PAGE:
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The effect of the 2007 ethanol mandate on downside risk in agriculture: evidence from Kansas farmers


  • Levi A. Russell
  • Dallas W. Wood
  • Gregory A. Ibendahl
  • Michael R. Langemeier


The Energy Independence and Security Act of 2007 increased the amount of corn ethanol that must be blended into motor vehicle and other fuels as part of the renewable fuel standard. The purpose of this article is to look at how the increase in demand for corn influenced the profitability and downside risk of farms. We conducted this investigation using annual data for more than 300 farms in Kansas from 1997 through 2014. We find that the probability of a farmer’s experiencing a negative return on equity (i.e. the ‘downside risk’ of farming) decreased by 25 percentage points after 2007.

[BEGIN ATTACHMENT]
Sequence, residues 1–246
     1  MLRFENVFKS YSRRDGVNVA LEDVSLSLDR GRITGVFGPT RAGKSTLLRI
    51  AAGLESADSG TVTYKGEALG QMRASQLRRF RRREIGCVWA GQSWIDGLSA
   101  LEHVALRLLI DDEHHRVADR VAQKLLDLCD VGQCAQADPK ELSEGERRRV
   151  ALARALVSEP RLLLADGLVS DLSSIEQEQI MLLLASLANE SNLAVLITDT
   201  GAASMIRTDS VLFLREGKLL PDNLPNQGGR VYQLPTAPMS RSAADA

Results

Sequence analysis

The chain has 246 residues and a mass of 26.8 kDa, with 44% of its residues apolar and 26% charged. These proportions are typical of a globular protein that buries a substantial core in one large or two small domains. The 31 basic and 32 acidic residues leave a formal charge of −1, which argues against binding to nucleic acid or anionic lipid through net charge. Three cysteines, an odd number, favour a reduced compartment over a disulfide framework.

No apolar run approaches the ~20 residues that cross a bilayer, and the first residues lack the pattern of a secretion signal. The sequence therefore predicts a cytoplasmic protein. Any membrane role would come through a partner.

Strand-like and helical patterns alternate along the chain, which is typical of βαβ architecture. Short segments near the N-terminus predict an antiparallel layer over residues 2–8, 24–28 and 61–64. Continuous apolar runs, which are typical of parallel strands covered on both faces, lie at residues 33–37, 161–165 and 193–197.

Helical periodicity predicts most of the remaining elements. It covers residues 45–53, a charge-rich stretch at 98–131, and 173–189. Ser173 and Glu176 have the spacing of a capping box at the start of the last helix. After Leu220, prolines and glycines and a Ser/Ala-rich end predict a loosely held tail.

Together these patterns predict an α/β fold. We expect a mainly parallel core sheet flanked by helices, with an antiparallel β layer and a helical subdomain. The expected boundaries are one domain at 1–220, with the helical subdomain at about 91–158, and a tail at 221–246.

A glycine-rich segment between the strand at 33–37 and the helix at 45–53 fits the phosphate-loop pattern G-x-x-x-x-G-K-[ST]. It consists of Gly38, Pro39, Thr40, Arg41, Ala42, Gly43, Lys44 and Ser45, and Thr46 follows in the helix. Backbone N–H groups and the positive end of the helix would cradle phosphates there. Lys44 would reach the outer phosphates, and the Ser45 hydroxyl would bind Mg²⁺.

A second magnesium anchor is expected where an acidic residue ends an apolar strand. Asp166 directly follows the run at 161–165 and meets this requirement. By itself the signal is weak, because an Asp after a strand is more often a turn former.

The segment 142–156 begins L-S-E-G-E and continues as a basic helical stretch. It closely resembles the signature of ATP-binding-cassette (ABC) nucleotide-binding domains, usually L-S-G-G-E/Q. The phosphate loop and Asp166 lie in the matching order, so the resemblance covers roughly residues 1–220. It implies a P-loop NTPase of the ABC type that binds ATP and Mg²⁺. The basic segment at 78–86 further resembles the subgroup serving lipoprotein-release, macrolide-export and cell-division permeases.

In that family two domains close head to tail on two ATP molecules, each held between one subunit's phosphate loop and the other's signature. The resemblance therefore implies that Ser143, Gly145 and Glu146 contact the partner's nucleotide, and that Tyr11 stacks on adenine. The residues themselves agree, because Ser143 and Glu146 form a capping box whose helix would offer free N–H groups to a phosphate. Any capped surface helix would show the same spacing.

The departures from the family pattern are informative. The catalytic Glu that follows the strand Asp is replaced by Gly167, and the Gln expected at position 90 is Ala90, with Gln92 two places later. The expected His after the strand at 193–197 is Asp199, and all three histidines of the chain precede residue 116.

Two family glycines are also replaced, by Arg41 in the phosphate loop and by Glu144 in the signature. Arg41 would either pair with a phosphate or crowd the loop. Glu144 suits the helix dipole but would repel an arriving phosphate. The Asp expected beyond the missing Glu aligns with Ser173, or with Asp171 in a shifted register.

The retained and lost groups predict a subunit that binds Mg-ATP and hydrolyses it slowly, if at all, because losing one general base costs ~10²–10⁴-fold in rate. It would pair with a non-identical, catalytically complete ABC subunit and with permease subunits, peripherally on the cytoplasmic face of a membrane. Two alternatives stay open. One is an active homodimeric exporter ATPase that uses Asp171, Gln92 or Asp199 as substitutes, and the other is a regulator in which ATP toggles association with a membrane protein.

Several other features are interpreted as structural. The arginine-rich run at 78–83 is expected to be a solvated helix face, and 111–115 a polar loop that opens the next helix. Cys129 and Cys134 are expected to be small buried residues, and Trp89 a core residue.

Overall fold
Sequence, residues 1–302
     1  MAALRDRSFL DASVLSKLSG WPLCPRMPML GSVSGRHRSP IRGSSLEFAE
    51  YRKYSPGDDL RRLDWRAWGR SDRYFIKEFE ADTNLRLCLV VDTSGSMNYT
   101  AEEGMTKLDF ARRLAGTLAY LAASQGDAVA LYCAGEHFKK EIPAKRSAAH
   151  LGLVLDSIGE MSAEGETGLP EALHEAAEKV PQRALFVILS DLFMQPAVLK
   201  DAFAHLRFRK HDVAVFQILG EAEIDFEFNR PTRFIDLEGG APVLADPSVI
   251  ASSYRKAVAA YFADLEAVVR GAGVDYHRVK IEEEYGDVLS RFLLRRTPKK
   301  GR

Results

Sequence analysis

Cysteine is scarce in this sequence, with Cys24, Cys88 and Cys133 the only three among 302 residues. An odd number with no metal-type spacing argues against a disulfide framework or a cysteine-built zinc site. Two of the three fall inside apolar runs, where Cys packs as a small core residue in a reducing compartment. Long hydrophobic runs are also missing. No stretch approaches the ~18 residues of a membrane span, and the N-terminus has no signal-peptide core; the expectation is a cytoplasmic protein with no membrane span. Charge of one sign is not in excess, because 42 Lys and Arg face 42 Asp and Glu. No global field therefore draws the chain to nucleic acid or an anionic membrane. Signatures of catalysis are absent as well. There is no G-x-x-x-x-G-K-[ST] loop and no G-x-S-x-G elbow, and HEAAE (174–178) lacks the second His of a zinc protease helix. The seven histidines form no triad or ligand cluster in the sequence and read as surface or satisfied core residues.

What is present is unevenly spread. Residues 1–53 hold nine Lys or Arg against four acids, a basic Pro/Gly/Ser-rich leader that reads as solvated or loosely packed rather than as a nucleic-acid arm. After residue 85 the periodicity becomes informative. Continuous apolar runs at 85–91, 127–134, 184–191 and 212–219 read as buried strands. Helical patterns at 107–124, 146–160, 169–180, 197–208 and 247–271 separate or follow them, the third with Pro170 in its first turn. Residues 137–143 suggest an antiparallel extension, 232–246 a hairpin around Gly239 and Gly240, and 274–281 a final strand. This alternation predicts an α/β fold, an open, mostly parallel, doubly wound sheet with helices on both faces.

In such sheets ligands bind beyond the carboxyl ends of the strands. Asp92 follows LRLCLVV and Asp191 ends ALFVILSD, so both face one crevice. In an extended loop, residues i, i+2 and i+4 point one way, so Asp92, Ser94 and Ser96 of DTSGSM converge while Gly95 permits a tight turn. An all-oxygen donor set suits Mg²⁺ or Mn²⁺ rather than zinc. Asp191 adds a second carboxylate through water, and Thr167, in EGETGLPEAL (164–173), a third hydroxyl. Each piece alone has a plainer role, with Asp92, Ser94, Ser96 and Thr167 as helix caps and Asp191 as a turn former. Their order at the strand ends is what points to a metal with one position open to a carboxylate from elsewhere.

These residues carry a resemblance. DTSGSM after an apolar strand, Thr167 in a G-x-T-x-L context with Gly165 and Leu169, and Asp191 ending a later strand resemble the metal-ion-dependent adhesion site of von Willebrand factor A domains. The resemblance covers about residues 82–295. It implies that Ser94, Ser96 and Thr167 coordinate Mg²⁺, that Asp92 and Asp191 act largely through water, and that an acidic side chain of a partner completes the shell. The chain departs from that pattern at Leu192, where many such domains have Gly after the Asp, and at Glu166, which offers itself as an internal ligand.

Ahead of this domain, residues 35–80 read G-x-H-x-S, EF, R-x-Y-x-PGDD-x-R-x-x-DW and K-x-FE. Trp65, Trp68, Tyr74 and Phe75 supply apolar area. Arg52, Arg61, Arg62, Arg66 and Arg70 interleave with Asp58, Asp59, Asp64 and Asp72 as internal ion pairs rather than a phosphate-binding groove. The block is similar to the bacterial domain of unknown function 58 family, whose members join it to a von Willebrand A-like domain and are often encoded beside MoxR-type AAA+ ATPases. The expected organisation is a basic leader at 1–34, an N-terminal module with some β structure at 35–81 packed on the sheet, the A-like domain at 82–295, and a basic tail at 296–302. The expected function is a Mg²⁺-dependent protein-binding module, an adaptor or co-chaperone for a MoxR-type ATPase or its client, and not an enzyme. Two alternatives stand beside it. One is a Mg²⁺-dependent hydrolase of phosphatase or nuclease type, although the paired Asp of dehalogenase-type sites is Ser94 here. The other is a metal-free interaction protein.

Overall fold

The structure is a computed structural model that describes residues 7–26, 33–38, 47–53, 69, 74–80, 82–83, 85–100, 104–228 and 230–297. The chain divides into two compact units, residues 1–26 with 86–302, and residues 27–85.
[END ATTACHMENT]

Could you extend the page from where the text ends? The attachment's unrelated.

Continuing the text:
Suggested Citation

  • Levi A. Russell & Dallas W. Wood & Gregory A. Ibendahl & Michael R. Langemeier, 2019. "The effect of the 2007 ethanol mandate on downside risk in agriculture: evidence from Kansas farmers," Applied Economics Letters, Taylor & Francis Journals, vol. 26(8), pages 698-702, May.
  • Handle: RePEc:taf:apeclt:v:26:y:2019:i:8:p:698-702
    DOI: 10.1080/13504851.2018.1489495

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